All Wheel Drive Viscous Clutch

(AWD) All-wheel drive vehicles are controlled by an electronic control module, vacuum, or viscous fluid. They use viscous couplings to provide additional stability. Viscous couplings have a thick fluid contained between a series of plates. One set of plates is attached to one axle, and the other set is attached to the other axle.

All wheel drive viscous clutch function.

When the AWD vehicle operates under normal conditions, the plates and the thick fluid converge at the same speed. When the two axles are spinning at different speeds, such as when a tire breaks loose and begins to spin, the unit transfers more torque to the slower axle. The faster disks are dragging the thick fluid that drags the other disks. This action transfers torque to the other axle.

Most viscous couplings can be tested with a bench vise. Place the unit in the soft jaw vise, careful not to damage the case. Install the driveshaft on the companion flange. Use a foot-pound torque wrench to apply torque to the other end. Measure the turning torque required to spin the axle. These torque measurements are typically around 25-35 foot-pounds. Check with the vehicle manufacturer's specifications before proceeding.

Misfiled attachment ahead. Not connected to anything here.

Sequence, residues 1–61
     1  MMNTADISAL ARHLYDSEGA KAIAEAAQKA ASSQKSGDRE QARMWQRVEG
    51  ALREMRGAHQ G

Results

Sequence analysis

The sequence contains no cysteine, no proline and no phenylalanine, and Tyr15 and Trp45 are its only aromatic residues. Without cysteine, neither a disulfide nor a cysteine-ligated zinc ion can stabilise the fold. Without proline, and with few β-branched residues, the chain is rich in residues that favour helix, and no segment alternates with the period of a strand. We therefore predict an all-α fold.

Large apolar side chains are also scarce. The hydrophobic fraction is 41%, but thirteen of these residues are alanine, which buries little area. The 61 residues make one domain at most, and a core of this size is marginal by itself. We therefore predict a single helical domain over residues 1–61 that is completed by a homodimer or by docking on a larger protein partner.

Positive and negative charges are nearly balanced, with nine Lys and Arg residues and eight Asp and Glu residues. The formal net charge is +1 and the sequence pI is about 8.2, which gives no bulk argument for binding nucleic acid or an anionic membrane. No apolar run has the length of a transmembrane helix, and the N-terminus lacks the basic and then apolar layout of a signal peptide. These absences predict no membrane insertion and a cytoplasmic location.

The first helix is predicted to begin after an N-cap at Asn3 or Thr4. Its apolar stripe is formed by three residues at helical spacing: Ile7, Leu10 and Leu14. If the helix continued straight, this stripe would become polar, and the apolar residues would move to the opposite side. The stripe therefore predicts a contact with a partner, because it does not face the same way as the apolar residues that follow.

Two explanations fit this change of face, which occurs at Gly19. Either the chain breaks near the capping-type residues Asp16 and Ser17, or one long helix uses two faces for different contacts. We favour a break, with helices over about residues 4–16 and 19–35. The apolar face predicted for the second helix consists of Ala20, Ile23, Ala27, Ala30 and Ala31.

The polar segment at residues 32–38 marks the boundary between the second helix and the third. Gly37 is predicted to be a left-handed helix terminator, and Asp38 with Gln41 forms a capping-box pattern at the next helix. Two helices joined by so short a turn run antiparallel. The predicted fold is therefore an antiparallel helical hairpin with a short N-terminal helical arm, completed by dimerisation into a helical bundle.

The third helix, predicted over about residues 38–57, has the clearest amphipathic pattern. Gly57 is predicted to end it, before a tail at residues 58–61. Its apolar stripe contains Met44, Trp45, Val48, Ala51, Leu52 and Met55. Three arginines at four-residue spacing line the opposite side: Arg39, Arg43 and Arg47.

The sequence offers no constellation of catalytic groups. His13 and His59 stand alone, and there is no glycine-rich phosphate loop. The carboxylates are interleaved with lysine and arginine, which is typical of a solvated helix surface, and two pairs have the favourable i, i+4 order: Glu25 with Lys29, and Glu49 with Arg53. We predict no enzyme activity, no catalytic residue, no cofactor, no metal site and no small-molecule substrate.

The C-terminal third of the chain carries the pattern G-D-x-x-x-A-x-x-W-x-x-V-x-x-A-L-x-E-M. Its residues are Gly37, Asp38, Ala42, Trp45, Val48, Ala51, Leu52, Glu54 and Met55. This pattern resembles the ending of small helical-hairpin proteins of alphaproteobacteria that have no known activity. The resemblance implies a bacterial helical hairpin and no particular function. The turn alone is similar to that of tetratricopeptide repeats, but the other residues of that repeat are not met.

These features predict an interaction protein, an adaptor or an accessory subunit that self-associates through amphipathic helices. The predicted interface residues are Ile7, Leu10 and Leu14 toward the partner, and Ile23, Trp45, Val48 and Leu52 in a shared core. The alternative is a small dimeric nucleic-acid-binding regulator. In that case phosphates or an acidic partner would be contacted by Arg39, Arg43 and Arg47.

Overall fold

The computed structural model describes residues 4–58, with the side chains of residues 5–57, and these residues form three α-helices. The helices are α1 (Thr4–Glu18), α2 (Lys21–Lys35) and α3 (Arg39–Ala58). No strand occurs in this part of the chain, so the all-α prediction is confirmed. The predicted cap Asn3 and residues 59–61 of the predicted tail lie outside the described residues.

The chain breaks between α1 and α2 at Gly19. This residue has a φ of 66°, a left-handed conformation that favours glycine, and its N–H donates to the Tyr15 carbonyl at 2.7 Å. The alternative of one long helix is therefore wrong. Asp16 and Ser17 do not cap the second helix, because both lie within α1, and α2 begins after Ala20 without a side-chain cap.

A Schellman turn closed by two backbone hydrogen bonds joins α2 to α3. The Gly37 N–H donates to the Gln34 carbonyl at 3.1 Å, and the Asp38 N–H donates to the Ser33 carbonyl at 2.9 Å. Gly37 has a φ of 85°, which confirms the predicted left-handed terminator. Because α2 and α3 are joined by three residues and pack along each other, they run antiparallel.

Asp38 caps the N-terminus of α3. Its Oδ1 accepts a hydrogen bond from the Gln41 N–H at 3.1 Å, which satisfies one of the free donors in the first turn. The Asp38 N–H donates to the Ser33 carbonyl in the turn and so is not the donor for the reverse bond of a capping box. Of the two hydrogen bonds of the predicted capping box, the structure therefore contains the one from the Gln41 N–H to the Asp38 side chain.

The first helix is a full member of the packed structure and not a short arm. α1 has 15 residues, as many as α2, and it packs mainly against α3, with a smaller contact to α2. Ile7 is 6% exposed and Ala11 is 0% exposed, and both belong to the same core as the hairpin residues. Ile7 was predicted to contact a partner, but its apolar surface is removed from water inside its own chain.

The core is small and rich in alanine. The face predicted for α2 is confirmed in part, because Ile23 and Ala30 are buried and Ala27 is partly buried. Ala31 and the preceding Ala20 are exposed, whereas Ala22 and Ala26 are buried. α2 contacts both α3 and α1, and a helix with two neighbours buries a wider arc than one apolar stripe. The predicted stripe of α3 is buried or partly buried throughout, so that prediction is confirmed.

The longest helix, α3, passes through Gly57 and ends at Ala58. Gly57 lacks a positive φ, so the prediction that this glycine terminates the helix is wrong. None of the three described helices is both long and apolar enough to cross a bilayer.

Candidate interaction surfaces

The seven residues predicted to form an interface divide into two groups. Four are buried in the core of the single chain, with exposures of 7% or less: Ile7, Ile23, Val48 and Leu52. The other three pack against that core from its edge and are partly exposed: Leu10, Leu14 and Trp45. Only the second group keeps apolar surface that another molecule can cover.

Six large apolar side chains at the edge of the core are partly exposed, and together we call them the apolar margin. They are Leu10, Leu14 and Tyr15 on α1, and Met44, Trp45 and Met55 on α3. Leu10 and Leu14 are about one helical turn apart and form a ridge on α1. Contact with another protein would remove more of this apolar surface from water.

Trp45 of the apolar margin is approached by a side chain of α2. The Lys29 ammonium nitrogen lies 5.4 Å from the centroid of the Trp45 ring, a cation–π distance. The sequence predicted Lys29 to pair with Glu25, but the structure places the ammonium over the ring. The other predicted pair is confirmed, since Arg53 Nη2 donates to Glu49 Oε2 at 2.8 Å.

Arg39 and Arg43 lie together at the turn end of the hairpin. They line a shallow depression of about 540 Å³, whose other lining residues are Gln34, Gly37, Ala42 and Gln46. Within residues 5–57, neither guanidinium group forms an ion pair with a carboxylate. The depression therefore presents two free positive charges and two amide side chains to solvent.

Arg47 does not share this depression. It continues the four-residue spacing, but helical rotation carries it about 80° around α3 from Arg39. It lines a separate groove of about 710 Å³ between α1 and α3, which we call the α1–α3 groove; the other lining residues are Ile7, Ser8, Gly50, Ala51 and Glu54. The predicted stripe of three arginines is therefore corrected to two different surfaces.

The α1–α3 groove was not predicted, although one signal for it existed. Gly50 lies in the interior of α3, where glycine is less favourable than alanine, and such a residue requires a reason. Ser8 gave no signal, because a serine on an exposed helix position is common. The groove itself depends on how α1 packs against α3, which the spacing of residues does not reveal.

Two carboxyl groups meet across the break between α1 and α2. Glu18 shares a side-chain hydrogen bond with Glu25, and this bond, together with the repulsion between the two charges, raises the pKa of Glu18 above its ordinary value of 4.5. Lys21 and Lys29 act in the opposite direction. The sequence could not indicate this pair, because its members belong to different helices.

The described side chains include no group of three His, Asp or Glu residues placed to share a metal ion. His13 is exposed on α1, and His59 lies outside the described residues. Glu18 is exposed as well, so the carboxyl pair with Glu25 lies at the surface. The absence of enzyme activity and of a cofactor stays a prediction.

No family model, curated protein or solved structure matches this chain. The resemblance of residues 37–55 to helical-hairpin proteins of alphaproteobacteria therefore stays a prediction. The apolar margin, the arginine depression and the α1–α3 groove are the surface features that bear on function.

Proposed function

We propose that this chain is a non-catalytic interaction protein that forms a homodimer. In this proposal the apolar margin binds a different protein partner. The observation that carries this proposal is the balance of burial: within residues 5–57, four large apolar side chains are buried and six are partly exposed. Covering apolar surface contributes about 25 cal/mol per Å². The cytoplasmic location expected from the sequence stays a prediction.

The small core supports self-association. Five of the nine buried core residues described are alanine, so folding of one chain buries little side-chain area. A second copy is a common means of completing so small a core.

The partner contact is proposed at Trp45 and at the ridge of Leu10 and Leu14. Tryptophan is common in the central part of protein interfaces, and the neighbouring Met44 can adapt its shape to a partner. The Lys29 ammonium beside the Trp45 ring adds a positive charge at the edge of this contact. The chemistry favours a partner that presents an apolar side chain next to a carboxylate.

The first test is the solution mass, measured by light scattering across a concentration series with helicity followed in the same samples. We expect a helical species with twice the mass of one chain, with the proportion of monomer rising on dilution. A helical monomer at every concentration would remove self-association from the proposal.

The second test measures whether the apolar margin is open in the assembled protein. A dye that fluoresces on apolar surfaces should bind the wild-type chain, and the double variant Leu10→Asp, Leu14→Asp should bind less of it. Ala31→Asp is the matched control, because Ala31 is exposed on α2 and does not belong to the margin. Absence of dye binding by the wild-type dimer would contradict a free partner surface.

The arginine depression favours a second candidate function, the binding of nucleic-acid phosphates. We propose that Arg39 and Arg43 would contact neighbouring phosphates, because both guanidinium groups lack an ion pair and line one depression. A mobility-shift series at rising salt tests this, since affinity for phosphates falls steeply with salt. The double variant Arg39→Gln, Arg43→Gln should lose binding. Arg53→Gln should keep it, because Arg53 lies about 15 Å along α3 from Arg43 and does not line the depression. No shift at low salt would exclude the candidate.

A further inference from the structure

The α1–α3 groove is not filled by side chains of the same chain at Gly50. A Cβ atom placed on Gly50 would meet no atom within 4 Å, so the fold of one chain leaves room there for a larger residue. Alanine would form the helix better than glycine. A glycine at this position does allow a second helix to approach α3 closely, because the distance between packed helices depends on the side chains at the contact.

The viscous fluid is added by weight, so when a unit is found faulty, it is typically replaced with a new one. The fluid becomes thicker when heated to provide more gripping power between the disks when needed most.